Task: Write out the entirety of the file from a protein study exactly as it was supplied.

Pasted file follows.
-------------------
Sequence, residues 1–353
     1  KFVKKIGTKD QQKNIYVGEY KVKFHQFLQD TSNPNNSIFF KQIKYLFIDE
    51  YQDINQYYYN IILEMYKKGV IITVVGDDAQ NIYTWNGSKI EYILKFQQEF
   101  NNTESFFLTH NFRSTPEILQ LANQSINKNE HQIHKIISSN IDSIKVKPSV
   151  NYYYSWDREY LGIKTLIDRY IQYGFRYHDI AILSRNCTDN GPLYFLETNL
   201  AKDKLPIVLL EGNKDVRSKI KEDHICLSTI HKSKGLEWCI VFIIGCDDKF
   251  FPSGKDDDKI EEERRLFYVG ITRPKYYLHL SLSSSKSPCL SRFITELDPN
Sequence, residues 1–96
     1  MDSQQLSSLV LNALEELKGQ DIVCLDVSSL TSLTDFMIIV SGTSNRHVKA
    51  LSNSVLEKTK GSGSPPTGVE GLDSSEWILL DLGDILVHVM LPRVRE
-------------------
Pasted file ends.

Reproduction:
Sequence, residues 1–353
     1  KFVKKIGTKD QQKNIYVGEY KVKFHQFLQD TSNPNNSIFF KQIKYLFIDE
    51  YQDINQYYYN IILEMYKKGV IITVVGDDAQ NIYTWNGSKI EYILKFQQEF
   101  NNTESFFLTH NFRSTPEILQ LANQSINKNE HQIHKIISSN IDSIKVKPSV
   151  NYYYSWDREY LGIKTLIDRY IQYGFRYHDI AILSRNCTDN GPLYFLETNL
   201  AKDKLPIVLL EGNKDVRSKI KEDHICLSTI HKSKGLEWCI VFIIGCDDKF
   251  FPSGKDDDKI EEERRLFYVG ITRPKYYLHL SLSSSKSPCL SRFITELDPN
Sequence, residues 1–96
     1  MDSQQLSSLV LNALEELKGQ DIVCLDVSSL TSLTDFMIIV SGTSNRHVKA
    51  LSNSVLEKTK GSGSPPTGVE GLDSSEWILL DLGDILVHVM LPRVRE